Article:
|Birthplace:||Exeter, Devon, UK|
Son of John (ii) Bodley, of Exeter and Alice Gale
|Managed by:||Scott David Hibbard|
Matching family tree profiles for John Bodley
About John Bodley
Regarding the Geneva Bible of 1560, we are told by Moulton:
The expense of the publication of the Genevan Bible was borne by the English community in that city. In 1561 [John] Bodley obtained from the Queen a patent for the exclusive printing of this version during seven years....In the course of Elizabeth's reign as many as seventy editions of the Genevan Bible and thirty of the New Testament, in all sizes from folio to 48mo, some in black letter and others in the ordinary character, were issued from the press. A few of these were printed abroad, but the large majority at home.
On the same subject, Hutchinson states, "Bodley had received the patent for its publication; and upon his asking for an extension of the patent for twelve years, the request was generously granted by Archbishop Parker and Grindly, bishop of London..." (ibid., p. 950; see also F. F. Bruce, The English Bible, 3rd edition, p. 91).
One printer, Richard Harrison, because he printed an edition of Cranmer's New Testament without license from Queen Elizabeth I to do so, was fined eight shillings (Moulton, p. 166).
~~~~~~~~~~~~~~~~ From http://bookhistory.blogspot.co.uk/2007/01/devon-book-33.html
During the reign of Mary many leading English scholars found refuge abroad, and notably with the Protestant leaders in Geneva, a city which had thrown out its ruling bishop in 1534 and had declared its adherence to the Reformed Church in 1536. The city attracted not only theologians but also scholars and learned presses, such as those of the Etiennes which helped to spread the word of the new doctrine. It also offered refuge to a number of Devonians. During his time on the continent Coverdale visited Geneva. Among those who helped to raise money to pay for Russell's troops was the Exeter merchant John Bodley. Bodley's son Thomas, later the founder of the Bodleian Library was born in Exeter in 1545 and fled with his parents, first to Germany and early in 1557 to Geneva where, as at the age of twelve he became "an Auditour of Chevalerus in Hebrew, of Beraldus in Greek, of Calvin and Beza in Divinity". Another noted Exonian recorded in Bodley's household in Geneva on 8 May 1557 is the young Nicholas Hilliard, son of Richard Hilliard, an Exeter goldsmith, later to become the noted miniature painter. He was two years younger than Thomas Bodley. His father remained in Exeter during the reign of Mary.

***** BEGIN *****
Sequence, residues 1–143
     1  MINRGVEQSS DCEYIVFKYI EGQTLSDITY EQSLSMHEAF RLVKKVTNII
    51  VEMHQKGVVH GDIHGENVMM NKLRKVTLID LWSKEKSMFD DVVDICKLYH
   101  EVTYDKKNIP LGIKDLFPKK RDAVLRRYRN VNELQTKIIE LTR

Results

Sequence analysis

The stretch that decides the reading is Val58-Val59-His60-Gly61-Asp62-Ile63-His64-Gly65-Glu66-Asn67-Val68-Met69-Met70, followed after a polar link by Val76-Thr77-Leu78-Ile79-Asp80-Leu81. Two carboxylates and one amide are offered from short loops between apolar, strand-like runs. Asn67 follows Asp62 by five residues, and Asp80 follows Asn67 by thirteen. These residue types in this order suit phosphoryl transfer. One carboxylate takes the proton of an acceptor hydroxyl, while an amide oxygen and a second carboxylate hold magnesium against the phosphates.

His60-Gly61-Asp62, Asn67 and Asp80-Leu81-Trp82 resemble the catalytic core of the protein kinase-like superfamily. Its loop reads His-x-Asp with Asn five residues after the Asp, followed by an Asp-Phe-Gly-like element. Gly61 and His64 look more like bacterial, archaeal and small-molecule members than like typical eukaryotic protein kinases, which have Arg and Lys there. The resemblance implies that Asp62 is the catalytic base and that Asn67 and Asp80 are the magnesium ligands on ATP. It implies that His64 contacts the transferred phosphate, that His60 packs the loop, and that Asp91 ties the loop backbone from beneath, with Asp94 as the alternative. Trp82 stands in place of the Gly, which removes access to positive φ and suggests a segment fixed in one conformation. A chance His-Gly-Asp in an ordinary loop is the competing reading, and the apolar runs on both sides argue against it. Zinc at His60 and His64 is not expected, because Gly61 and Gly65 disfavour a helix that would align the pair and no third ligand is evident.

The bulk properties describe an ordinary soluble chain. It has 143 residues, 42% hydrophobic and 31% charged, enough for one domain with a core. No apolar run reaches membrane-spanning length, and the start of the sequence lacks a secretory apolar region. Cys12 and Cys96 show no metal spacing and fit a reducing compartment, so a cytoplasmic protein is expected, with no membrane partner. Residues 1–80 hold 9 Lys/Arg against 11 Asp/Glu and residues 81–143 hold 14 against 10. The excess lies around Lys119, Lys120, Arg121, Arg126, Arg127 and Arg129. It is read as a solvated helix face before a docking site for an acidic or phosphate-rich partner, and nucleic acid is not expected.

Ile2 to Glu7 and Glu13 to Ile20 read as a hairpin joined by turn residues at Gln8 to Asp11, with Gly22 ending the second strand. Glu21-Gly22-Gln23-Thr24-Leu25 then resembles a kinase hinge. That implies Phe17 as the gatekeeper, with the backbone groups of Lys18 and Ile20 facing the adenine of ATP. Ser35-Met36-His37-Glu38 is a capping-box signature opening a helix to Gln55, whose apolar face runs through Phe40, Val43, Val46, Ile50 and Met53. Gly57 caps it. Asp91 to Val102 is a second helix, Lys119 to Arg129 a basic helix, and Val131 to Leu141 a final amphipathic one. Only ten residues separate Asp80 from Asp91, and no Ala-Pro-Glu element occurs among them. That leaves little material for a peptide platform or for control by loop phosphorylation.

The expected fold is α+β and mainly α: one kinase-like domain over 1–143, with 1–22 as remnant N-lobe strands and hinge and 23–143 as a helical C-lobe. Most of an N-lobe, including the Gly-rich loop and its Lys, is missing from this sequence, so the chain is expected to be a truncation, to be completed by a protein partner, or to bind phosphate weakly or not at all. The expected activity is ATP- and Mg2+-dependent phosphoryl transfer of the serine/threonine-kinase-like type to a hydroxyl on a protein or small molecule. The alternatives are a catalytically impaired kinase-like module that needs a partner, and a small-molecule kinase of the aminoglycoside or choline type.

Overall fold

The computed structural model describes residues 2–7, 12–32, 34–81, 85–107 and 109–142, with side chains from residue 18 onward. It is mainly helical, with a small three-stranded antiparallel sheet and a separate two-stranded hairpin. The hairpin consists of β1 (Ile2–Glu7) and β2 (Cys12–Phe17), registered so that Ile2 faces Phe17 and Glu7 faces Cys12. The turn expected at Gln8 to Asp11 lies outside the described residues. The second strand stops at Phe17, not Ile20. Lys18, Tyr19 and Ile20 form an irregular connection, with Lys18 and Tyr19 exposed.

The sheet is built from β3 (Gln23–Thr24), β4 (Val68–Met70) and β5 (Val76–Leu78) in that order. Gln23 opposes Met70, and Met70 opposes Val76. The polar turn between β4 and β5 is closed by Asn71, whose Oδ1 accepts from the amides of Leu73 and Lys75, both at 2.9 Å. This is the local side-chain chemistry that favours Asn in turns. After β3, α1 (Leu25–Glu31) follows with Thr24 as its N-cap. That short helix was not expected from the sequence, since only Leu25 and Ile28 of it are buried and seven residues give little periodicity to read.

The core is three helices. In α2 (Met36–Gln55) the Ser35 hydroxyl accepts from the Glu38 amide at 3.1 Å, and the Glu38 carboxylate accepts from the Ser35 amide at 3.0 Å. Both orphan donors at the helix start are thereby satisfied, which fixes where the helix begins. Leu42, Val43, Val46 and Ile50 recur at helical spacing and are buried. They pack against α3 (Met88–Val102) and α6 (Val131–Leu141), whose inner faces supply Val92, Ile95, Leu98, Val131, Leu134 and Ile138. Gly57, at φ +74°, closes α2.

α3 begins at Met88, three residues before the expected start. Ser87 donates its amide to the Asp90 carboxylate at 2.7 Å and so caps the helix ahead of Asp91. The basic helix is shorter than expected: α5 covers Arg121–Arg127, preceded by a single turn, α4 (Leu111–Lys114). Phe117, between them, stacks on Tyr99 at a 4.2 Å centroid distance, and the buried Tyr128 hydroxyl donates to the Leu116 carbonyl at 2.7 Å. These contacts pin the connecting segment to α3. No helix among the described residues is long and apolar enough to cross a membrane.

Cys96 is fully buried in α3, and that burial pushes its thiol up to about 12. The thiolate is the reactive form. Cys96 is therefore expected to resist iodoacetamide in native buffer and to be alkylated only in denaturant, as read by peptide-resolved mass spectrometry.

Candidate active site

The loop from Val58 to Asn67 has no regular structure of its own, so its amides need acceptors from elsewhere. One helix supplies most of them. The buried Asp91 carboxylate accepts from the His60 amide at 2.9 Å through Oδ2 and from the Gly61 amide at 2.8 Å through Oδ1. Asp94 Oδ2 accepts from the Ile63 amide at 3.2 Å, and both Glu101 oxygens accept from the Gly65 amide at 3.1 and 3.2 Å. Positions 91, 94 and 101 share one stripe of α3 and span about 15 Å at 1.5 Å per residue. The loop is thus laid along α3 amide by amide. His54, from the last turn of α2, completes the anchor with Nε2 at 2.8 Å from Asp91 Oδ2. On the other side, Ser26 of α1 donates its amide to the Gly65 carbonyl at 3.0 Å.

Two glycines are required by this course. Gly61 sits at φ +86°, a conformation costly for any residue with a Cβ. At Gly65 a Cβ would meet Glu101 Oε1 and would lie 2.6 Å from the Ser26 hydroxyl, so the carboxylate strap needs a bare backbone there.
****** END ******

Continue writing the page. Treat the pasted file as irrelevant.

In Geneva John Bodley was associated with the scholar William Whittingham and others in the printing of their English translation of the Bible, known as the Geneva or, less respectfully, the Breeches Bible. This was printed by Rowland Hall on a press set up by the English refugees. Bodley seems to have had an early interest in the undertaking. In the archives of Geneva there is a record dated 2 December 1558 containing a petition which formed part of a dispute between John Bodley and William Williams on the one part and Jacques Chappellez and the widow of Jean Girard on the other over the wish of Bodley and Williams to have a stove in the printing office they operated in the house of the late Jean Girard (Rose-Troup 17). This may have been to cast types or, more likely, to warm compositors' fingers in the cold Swiss winter.